Small Fry

Patience Gray has cheered me. At work from 6.30 am on a grey wet Sunday morning and she gives me the Mediterranean. But it isn’t just the warmth, its the detail. The detail of how she lived, worked and cooked. I soak up her rhythm, slowly like the dried chickpeas in the pignata pot. She reduces life down to the minutiae, which is, in reality, enormous in consequence. She notices, pays attentions, takes time. And I, in turn, as her reader, do the same. My sorrow is lessened. Still lost, I am a little found, by her, by the gentleness of her rural experiences. She makes me want to form the ‘little ear’ pasta, that she claims is too fiddly for the uninitiated. I want to cook dried beans for four hours doing embroidery while I wait. I want the domestic life she writes of, its focus on a few ingredients, its making the best of, its white-washed pared-down-ness. I want to be held, contained, and in the sun.

Yesterday was grief-filled. I reach a wall and the blackness descends. And I can’t move forward or back. He talks to me. Quietly, calmly knowing the drill. All your life you’ve had this, he tells me, assures me. All your life. It is nothing new and yet each time it feels like it is. Have I learnt anything? Am I any stronger for my experiences. He lists my merits. Talks of love, of being a good wife. A wife. She was that. A good housekeeper he called her, whilst ruing that fact that she would no longer share his bed. He spat it out. Another friend of his, called them drones. It is hard to value such things, and yet reading Patience Gray I find that I do, really. I seek it. I seek the simplicity. The serving. The service. I calm down with the detail. Looking in close. I can do that, it is the bigger picture, the whole world staring down on me, that is what quells.

I go out into the world tomorrow. You’re just going to try it out, he says. Try it out, perform in public, on the tube, in stations. And I suddenly feel self conscious. Particularly about performing in the National Gallery. How would you feel if you didn’t do it? he asks. Shit, I say. There you are. I have no choice. We can cancel it. Go another time. You are not well, he says. No. I must see it through. There is a chance. A chance for joy, some kind of yes, some kind of success. I will not know unless I try it. I just feel adrift, unsafe. Ungrounded. The domestic roots me. I know it. My hands know it. I have always needed it to be so. And yet, I know so little. She talks through the making of pasta. How lovely. I would like to try that. Repetitive, forming. The delicacy of lace making. Taking time. You have time, he says. You can do what you want, he says. Yes, but what do I want? Dylan Thomas in the film being a shit. A shit to everyone. Believing he’d lost it. I haven’t written anything for ages, he bemoans. He drinks, he whores around. Don’t leave me.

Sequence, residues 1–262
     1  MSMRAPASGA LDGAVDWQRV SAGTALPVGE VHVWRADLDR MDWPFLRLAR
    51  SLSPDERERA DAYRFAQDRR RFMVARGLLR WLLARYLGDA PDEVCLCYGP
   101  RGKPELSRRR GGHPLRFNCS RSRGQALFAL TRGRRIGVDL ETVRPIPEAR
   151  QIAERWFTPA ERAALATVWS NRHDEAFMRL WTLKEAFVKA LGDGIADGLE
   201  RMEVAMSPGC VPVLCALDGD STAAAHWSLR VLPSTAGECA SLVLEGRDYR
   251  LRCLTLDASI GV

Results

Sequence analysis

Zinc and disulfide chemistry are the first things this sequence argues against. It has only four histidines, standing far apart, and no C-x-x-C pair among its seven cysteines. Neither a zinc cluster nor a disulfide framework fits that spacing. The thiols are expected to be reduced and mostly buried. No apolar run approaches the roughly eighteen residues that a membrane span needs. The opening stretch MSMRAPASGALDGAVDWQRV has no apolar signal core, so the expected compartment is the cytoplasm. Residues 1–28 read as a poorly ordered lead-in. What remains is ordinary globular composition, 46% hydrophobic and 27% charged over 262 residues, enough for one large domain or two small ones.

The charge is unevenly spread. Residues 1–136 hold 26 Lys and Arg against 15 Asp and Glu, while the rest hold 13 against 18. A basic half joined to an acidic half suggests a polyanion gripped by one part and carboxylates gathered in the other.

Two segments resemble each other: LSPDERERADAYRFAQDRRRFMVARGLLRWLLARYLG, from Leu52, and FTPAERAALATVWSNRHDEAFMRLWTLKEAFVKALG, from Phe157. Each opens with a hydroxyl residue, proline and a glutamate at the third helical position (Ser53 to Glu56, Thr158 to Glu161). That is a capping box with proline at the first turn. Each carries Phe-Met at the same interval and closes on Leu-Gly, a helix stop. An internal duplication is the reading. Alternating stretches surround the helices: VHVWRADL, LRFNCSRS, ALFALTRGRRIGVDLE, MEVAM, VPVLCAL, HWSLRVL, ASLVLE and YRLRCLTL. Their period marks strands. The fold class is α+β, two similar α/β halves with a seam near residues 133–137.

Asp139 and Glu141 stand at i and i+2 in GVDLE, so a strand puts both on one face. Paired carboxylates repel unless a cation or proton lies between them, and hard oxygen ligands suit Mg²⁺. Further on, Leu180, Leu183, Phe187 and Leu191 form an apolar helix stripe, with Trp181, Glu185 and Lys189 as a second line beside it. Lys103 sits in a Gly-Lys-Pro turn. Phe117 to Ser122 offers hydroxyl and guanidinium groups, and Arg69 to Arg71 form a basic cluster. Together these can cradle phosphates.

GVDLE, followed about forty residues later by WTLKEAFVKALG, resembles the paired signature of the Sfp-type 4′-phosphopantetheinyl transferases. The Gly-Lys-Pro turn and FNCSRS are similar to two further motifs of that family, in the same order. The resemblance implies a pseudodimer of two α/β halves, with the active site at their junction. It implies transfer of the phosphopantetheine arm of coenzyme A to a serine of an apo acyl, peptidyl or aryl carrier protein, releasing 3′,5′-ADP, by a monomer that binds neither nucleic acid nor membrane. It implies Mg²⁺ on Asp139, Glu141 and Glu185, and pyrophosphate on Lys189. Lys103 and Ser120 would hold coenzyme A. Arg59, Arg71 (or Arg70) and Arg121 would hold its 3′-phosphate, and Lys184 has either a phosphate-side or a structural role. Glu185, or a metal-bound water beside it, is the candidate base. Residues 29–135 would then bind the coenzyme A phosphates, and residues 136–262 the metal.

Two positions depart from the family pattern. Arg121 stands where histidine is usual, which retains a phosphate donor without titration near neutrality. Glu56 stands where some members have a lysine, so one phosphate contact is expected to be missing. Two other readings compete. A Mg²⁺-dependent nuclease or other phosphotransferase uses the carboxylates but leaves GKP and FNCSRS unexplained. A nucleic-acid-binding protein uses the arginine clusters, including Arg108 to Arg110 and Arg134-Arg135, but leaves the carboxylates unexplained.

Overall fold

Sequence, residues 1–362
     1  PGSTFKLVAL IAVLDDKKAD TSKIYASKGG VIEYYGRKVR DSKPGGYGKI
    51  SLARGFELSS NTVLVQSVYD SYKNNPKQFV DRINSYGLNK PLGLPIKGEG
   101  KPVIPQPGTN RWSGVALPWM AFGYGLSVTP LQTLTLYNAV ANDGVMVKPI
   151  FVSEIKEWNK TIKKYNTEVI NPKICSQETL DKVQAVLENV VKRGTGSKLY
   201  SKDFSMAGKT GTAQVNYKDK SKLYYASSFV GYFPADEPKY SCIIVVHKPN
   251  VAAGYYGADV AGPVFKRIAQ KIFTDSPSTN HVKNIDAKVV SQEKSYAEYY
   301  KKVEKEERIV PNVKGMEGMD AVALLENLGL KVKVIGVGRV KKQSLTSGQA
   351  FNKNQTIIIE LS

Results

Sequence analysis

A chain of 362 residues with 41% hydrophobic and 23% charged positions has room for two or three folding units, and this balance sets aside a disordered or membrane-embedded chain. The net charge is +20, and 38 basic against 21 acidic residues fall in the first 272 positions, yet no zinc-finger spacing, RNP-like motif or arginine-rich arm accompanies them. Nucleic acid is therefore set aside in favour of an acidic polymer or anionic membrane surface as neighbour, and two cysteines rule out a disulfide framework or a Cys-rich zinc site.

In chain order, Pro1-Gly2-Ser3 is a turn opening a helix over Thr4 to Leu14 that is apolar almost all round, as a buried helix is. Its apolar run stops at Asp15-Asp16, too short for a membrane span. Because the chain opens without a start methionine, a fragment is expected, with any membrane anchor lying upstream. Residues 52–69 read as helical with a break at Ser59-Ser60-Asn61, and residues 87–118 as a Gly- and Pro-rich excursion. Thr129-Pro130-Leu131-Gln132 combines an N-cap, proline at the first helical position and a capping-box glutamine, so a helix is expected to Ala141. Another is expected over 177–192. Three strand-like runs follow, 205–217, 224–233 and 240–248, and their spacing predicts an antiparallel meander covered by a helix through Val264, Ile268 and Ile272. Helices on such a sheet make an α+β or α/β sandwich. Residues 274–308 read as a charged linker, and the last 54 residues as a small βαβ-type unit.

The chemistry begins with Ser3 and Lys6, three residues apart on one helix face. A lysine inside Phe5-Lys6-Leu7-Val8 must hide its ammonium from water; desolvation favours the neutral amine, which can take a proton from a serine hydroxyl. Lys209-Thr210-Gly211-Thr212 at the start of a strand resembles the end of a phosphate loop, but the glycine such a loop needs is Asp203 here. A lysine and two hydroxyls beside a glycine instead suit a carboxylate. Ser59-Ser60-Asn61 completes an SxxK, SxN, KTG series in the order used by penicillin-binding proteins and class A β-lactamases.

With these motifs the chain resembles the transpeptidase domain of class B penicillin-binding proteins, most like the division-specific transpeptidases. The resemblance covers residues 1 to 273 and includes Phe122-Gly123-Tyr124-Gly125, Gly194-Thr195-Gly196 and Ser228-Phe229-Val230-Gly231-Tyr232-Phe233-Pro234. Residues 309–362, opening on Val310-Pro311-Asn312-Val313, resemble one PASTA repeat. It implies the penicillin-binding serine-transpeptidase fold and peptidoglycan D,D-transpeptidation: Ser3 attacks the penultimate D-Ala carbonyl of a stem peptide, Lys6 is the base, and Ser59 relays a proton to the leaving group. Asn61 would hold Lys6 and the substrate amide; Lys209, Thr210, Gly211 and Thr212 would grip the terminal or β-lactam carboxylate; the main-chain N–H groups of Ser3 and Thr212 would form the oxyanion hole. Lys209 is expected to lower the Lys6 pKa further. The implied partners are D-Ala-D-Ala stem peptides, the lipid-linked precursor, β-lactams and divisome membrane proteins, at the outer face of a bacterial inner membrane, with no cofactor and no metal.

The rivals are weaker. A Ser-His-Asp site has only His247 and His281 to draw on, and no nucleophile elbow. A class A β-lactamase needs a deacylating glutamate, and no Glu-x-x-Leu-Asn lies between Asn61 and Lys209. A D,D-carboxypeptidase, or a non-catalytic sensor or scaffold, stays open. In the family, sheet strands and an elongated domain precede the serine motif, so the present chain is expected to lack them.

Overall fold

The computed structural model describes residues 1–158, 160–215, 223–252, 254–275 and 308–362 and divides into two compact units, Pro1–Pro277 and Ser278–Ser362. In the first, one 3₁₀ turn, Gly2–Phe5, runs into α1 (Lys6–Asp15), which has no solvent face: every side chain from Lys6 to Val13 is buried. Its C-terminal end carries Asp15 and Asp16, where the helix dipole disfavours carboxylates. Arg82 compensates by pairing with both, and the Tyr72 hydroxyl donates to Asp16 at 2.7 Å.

I will try it all. I will be brave. It is just a trial. A trial. The reality is in the detail, the noticing, the caring, the kindness, the loving. I know this. Do you?

By Ellen Bell

Artist and writer currently living in Aberystwyth.